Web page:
A newspaper reporter from the New York Times wrote that she watched the battle of Penang from near the hotel, which would have been the Eastern & Oriental Hotel, where Maureen & I have stayed. I took the above photograph when at the hotel, which shows the entrance to Penang harbour. The anchorage is to the right of the picture, where the battle would have taken place.
The map below is from the report of the New York Times correspondent who witnessed the battle.
At this time, 1914, the USA was still neutral, they didn’t become involved until 7 th December, 1917, which is ironic considering the 7th December in 1941.
On leaving the harbor the Emden spotted the French destroyer Mousquet, which was coming off patrol and unaware of the Emden’s attack on Penang.
Postcard of the French destroyer Mousquet.
Von Muller opened fire and sank the Frenchman, after which he rescued thirty five sailors and one officer from the water. He later stopped a British cargo vessel SS Newburn and instead of sinking her he handed over the French survivors on the understanding that the Newburn would take them to a neutral port in Dutch Indonesia and that they would no longer be involved in the war.
I took the above picture from the Eastern & Oriental Hotel. I think the area to the left of ship in the photograph would have been close to where the Mousquet and the Emden fought their battle.
SMS Emden sailed south to re-coal from her captured British ship Buresk after which she headed for the Cocos Islands. Von Muller wanted to destroy the radio station, in the hope that this would cause the British and Australian navies to leave the Indian Ocean to protect their line of communications.
On the night of the 8/9 th November Von Muller arrived at the Cocos Islands and sent a shore party to disable the wireless and the undersea cables. Fortunately the station staff had seen the Emden and managed to get off a message that they had seen a strange ship, before the Emden jammed their transmissions.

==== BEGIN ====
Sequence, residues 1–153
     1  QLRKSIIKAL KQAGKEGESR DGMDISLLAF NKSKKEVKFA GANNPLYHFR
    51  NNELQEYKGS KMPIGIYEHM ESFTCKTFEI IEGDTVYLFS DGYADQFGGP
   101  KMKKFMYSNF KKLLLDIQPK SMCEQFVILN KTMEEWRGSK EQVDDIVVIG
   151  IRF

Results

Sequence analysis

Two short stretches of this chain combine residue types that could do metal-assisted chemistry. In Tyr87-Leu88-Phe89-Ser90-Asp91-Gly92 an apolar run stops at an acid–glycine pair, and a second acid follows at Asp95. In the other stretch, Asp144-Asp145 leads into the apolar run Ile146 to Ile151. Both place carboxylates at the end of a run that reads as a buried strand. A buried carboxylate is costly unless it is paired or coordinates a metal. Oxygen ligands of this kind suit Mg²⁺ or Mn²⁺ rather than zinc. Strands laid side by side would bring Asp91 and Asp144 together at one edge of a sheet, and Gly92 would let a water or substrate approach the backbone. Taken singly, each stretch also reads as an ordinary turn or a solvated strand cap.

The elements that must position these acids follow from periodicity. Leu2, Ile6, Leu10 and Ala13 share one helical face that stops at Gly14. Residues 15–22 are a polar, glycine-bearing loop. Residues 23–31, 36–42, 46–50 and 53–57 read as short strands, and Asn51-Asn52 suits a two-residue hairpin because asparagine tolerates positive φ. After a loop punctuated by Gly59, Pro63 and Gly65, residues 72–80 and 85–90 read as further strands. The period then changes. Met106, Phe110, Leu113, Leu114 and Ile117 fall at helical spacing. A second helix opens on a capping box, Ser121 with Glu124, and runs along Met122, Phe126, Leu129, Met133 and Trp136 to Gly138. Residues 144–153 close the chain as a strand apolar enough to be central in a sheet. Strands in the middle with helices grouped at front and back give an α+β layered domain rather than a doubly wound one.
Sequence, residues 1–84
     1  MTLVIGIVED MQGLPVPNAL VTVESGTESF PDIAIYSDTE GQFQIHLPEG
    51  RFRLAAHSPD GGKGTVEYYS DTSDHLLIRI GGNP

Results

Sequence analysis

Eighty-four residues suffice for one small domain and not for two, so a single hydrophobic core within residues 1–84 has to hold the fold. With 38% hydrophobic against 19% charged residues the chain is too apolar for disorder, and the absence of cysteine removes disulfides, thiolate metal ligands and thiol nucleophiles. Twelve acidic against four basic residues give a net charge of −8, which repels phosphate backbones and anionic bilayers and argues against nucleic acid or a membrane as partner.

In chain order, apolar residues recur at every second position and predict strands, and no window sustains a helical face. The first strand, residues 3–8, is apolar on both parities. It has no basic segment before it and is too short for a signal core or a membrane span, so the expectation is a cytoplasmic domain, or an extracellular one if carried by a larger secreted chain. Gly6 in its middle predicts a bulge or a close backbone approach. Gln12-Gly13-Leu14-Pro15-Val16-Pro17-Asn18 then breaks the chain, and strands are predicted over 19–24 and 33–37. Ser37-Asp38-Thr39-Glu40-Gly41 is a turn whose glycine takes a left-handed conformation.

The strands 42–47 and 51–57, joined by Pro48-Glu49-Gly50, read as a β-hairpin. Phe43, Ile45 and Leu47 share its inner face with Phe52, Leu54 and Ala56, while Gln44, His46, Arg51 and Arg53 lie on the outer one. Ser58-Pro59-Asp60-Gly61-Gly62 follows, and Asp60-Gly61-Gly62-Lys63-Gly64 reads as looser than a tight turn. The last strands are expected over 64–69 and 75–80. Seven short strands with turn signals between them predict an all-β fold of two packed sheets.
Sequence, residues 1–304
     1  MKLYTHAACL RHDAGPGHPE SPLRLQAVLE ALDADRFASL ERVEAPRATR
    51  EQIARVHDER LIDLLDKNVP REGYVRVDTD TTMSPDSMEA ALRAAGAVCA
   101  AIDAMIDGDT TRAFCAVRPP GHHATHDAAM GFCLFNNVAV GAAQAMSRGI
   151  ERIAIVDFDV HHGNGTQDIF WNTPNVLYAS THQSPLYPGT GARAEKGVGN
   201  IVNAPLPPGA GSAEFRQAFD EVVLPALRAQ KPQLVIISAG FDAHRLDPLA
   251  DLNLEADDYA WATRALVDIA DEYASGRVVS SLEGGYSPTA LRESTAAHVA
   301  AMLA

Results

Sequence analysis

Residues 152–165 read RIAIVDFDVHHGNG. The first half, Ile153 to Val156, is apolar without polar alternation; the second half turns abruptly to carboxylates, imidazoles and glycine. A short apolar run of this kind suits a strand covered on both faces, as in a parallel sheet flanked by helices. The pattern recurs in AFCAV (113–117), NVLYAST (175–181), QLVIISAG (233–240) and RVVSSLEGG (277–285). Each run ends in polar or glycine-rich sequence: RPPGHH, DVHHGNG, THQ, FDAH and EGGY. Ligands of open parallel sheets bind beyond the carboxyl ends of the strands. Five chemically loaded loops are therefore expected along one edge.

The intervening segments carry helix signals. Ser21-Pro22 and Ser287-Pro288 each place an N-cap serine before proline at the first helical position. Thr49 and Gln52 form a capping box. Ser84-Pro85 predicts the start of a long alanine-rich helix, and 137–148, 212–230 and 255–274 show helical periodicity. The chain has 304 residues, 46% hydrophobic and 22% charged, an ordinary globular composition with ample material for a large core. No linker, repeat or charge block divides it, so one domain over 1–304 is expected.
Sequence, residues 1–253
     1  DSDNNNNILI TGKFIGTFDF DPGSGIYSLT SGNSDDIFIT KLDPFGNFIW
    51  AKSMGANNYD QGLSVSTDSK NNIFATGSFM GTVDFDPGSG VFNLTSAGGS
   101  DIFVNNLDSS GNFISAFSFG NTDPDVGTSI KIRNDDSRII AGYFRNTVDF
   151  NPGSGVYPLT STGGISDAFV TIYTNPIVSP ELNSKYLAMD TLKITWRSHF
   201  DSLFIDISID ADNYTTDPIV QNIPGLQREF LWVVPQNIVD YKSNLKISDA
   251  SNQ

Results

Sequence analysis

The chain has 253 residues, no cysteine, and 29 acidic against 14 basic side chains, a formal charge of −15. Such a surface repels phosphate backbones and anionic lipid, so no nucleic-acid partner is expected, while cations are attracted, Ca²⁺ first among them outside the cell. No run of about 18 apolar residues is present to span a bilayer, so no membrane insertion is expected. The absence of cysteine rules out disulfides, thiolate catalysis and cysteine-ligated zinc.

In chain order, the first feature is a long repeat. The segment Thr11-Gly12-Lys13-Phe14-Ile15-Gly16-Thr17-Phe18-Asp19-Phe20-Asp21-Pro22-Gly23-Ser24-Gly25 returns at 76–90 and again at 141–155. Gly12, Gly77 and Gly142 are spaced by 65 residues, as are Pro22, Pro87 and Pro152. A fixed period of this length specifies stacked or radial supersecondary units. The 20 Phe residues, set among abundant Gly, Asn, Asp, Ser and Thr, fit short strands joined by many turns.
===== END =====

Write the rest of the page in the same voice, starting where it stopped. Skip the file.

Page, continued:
A convoy of Australian troops ships was not too far away, and the allied commander ordered HMAS Sydney to investigate.
As the Sydney approached the Cocos Island the Emden opened fire and scored hits on the Sydney with her fourth salvo.
The Australian ship replied with her heavier guns and soon the SMS Emden was so damaged that Von Muller decided to beach her on North Keeling Island to save the lives of his men.
The Imperial ensign still flew over the beached ship, she had not formally surrendered. Captain Glossop of the Sydney signaled a number different ways, including plain language because he knew that the Emden’s code books had been thrown overboard, to try and see if the Emden was ready to surrender. The Sydney fired again and hit the stricken ship before the ensign was pulled down and white sheets hung over the side. The Germans burnt their ensign rather than allowing it to fall in to the hands of the enemy.
Captain Von Muller had captured twenty seven ships for the loss of one civilian life.
Karl Friedrich Max von Müller was captured and ended up in a PoW camp in England. Earlier in his career he had been attached to the East Africa Squadron where he suffered from malaria. The climate in England didn’t agree with the malaria, so he was sent to Holland, under compassionate grounds, as an exchange prisoner, for treatment. In October 1918 he was repatriated to Germany – the war ended in November.
Von Muller was awarded Pour le Mérite (For Merit) (also known as The Blue Max)
This was awarded to particular people for excellent service in the military. The military version of the award was stopped in 1918, but the civilian award is still in use – similar to the British OBE
Karl Friedrich Max von Muller died suddenly in 1923 at the age of fifty – weakened by malaria.
Swan of the East was a nick name given to the ship in Tsingtao, because of her sleek lines.
One of the Emden’s guns can be seen in Hyde Park in Sydney
HMAS Sydney’s mast can be seen when taking the ferry from Circular Quay to Manly – it is on the north shore of Sydney harbour.
All of the photographs, except for the two that I took, have been taken from the internet to illustrate a paragraph etc.